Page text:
from The American Heritage® Dictionary of the English Language, 4th Edition

  • n. A submarine of the German navy.

from Wiktionary, Creative Commons Attribution/Share-Alike License

  • n. Any German submarine of the First or Second World War, or any Austro-Hungarian submarine of the First World War.

from WordNet 3.0 Copyright 2006 by Princeton University. All rights reserved.

  • n. a submersible warship usually armed with torpedoes


from The American Heritage® Dictionary of the English Language, 4th Edition

Translation of German U-Boot, short for Unterseeboot : unter, under (from Middle High German under, from Old High German untar; see n̥dher- in Indo-European roots) + See, sea (from Middle High German , from Old High German) + Boot, boat.

from Wiktionary, Creative Commons Attribution/Share-Alike License

A calque of German U-Boot.



Log in or sign up to get involved in the conversation. It's quick and easy.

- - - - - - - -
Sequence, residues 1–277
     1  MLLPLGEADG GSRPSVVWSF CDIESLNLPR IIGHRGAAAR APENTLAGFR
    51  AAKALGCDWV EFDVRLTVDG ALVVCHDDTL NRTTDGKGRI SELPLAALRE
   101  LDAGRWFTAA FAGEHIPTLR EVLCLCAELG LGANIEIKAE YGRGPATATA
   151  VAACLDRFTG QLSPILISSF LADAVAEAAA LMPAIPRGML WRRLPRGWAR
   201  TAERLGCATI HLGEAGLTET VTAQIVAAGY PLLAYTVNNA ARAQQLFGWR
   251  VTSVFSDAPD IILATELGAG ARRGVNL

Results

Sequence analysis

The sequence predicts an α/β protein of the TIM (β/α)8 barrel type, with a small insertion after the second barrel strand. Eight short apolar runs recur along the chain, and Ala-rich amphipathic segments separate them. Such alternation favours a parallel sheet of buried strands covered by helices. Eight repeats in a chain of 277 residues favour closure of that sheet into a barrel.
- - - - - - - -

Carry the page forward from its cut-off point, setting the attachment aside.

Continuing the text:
• The Jews who went underground in Germany in the 1940s to escape the Nazis called themselves "U-boats," a self-mocking reference to the country's efficient and effective fleet of submarines. But the comparison was as apt as it was sardonic, because to remain underground required much the same degree of wile, stealth and courage as that employed by the crews of the submarines. Some of the Jews who had gone underground were able to remain sequestered until the end of the war. But the majority, like the submarines, had constantly to surface and prowl about. . . . Only infrequently were the majority of Jewish "U-boats" able to remain in their safe harbors for months.
    Leonard Gross The Last Jews in Berlin (1992), p. 113

    ". . . a hint that you were a U-boat yourself."

    Joseph Kanon, The Good German ( ), p. 107

    "We thought it was safe. She had papers. Safe."

    Jake looked at him, surprised. A U-boat trail, Gunther helping.

    Id., p. 266.
    Gunther had moved his wife fourteen times. But he had had papers and friends prepared to help. No U-boat could survive alone. Where, after all, would she have gone?
    Id., p. 270
    "Marthe must have thought she was in hiding too. Another U-boat. . . ."

    . . .

    "It was dangerous to be recognized. They tortured the U-boats sometimes, to find the others, to get names."

    Id., p. 280.

    January 28, 2016